In the resting-state scan session, an echo-planar imaging (EPI) sequence was used to collect 189 functional volumes with following parameters: echo time (TE), 30 ms; repetition time (TR), 2000 ms; field of view, 256 × 256 mm; slice thickness, 5 mm; slice gap, 1 mm; flip angle (FA), 90°; matrix size, 64 × 64; 20 oblique slices. A high-resolution T1-weighted anatomical image was acquired using an SPGR sequence. In order to keep the subjects awake during the scan, they were reminded to stay awake through the microphone before each run. After each run, all the subjects confirmed that they were awake in the previous run.

FMRI Data Analysis

Preprocessing.

FMRI data was preprocessed using Analysis of Functional Neuro Images (AFNI) software (AFNI, http://afni.nimh.nih.gov/afni/). The high-resolution anatomical images were first manually transformed into the standard Talairach space. For fMRI image preprocessing, the initial 10 volumes of resting-state datasets were discarded to allow for the equilibration of the magnetic resonance imaging signal and subjects’ adaptation to the scanning noise. Cardiac and respiratory noises were regressed out by 3dretroicor in AFNI. As one subject’s physiological data was incomplete, the final dataset included 13 subjects for further analysis. This was followed by despiking (compression of extreme time series outliers using a hyperbolic tangent function, 3dDespike in AFNI), slice timing (3dTshift in AFNI), volume registration, motion correction (3dvolreg in AFNI), quadratic detrending (3dDetrend in AFNI), spatial smoothing (Gaussian kernel of full width at half maximum of 6mm, 3dmerge in AFNI) and manual normalization to Talairach space with a resampled resolution of 3×3×3 mm3 (adwarp in AFNI).

Independent Component Analysis of FMRI Data.

We applied group probabilistic independent component analysis (GICA) to the resting data using FSL MELODIC (FMRIB Analysis Group, Oxford University)[31,32]. The preprocessed data from both groups in Talairach space were submitted to MELODIC using the command-line tool with the component number set at 30 and the decomposition approach set as temporal concatenation. The GICA spatial maps were converted to z score maps and then thresholded via a mixture model fit (p > 0.5) to identify voxels contributing to each independent component. The SN, DMN, and ECN were identified by visual inspection of the thresholded GICA maps.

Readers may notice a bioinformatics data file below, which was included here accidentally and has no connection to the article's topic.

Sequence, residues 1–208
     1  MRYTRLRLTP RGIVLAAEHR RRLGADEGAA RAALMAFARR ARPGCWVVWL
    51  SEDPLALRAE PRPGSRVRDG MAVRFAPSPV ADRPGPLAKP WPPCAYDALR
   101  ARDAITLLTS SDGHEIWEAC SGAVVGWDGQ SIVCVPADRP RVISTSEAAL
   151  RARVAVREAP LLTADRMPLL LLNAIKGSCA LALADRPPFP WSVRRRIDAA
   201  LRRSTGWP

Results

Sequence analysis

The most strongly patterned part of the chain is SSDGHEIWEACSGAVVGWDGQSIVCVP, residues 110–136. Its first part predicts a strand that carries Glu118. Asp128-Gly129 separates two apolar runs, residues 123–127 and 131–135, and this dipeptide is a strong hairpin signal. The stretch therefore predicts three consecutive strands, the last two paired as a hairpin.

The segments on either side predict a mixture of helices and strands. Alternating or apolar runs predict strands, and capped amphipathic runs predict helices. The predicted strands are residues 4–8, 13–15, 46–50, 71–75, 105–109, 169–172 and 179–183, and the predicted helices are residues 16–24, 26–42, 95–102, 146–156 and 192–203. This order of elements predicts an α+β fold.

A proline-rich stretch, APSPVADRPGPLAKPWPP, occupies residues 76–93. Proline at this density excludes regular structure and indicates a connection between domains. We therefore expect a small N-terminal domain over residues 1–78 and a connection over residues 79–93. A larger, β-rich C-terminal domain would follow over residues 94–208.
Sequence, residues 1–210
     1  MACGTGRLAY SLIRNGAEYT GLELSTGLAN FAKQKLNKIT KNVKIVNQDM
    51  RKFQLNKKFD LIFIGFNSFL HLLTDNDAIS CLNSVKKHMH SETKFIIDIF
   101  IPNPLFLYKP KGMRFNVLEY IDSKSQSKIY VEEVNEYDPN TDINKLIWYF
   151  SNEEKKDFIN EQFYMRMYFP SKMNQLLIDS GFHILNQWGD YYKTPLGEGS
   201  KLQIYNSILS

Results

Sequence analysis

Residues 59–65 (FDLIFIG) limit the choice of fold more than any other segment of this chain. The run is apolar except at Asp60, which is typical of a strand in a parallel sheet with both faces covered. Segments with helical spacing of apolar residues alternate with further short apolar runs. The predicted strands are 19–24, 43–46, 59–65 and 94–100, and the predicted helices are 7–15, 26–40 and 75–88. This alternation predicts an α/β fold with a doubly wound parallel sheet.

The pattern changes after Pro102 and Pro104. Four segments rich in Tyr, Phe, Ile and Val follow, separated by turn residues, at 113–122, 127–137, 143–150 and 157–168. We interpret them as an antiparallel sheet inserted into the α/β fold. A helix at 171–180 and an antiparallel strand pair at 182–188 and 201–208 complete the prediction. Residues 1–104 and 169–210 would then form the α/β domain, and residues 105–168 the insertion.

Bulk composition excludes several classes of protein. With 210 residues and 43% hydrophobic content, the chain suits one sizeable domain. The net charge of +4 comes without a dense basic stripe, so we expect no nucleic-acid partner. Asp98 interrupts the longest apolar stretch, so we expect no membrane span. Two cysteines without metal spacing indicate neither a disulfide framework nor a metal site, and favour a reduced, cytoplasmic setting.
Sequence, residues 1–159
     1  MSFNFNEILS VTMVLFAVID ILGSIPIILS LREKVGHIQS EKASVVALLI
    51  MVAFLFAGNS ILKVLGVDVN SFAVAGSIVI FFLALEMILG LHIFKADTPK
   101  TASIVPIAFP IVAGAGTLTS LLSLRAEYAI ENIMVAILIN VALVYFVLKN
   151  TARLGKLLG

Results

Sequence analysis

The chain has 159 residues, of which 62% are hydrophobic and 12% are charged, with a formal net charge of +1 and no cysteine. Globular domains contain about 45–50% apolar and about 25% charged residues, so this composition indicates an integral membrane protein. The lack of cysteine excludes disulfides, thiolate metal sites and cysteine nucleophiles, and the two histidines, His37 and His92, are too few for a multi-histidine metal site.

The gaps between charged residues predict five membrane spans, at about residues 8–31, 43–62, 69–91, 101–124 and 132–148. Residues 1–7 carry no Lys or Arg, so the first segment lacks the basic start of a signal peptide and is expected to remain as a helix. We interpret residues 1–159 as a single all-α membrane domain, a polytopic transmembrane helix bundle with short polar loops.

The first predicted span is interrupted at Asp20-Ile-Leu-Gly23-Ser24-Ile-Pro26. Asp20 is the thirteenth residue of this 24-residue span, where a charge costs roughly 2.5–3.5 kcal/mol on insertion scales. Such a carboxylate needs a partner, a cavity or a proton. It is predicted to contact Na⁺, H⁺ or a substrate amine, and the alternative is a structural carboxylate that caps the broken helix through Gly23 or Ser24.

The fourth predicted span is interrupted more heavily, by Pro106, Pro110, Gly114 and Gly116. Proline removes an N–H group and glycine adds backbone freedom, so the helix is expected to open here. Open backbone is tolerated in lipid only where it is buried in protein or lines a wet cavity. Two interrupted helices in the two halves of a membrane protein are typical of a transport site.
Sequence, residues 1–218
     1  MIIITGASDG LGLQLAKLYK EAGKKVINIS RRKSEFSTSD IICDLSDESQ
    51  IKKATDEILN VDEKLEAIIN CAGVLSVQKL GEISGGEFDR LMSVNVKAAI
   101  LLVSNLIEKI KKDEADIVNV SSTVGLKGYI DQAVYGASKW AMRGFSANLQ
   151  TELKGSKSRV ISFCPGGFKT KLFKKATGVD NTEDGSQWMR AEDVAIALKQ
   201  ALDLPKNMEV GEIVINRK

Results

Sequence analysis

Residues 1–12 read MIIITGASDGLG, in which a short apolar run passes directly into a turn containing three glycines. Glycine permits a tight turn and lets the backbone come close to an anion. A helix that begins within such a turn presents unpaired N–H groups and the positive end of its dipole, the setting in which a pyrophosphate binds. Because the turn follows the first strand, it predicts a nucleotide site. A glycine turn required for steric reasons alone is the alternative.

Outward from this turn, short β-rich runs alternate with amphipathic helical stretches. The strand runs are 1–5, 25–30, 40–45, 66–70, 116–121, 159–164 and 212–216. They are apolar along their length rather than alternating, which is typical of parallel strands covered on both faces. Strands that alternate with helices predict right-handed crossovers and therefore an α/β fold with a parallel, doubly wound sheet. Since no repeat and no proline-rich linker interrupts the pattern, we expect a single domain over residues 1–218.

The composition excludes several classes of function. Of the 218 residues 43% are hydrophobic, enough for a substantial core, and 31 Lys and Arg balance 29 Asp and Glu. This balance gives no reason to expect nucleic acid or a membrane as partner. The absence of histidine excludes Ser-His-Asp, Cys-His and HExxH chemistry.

A previously described and validated dual-regression procedure was applied to generate a time course for each component[33]. Dual-regression is a statistical approach that can be applied after GICA and involves a first regression that uses group-level spatial components to find time courses associated with each component in each individual, followed by a second regression that uses the individual time courses to find subject-specific spatial maps for each component. As a measure of cross-network coupling, we calculated absolute values of Pearson correlation coefficients (CC) between component time courses derived from the SN, ECN, and the DMN (CCSN, DMN and CCSN, ECN) to represent the coupling strength between different networks. Then, Fisher’s z transformation was applied to the CC values, yielding variants of approximately normal distribution [z = 0.5 ln (1 + r)/(1 - r)].